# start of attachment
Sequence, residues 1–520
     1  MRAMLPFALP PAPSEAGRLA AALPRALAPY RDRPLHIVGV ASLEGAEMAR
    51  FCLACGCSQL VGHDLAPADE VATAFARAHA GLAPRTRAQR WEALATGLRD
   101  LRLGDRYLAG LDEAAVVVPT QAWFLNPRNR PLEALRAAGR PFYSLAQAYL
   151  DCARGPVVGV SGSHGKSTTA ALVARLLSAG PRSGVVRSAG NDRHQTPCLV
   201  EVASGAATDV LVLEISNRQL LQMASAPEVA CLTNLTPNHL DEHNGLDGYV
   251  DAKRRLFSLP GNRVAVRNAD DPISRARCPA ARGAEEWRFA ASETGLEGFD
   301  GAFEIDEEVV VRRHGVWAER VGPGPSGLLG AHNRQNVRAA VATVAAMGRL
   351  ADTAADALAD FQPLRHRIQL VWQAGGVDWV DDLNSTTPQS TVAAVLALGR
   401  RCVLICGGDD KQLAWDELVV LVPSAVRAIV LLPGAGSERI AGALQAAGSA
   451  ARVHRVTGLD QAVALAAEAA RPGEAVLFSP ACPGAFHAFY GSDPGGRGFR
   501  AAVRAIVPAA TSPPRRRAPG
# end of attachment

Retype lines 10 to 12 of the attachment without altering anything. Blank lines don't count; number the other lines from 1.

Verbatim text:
   401  RCVLICGGDD KQLAWDELVV LVPSAVRAIV LLPGAGSERI AGALQAAGSA
   451  ARVHRVTGLD QAVALAAEAA RPGEAVLFSP ACPGAFHAFY GSDPGGRGFR
   501  AAVRAIVPAA TSPPRRRAPG